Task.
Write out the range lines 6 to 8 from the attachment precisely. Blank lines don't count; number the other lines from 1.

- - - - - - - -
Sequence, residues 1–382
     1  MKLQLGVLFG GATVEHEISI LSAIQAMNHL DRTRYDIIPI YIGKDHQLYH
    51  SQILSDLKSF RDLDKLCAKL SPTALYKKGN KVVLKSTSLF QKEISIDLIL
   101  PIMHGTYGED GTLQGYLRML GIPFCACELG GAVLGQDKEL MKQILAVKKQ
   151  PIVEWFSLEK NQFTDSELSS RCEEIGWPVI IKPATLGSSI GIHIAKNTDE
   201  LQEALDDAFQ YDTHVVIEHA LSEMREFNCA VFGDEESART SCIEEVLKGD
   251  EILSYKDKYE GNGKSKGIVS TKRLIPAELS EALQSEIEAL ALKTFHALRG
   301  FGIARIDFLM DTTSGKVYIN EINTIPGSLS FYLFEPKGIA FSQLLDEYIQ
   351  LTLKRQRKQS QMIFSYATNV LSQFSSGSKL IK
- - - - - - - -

   201  LQEALDDAFQ YDTHVVIEHA LSEMREFNCA VFGDEESART SCIEEVLKGD
   251  EILSYKDKYE GNGKSKGIVS TKRLIPAELS EALQSEIEAL ALKTFHALRG
   301  FGIARIDFLM DTTSGKVYIN EINTIPGSLS FYLFEPKGIA FSQLLDEYIQ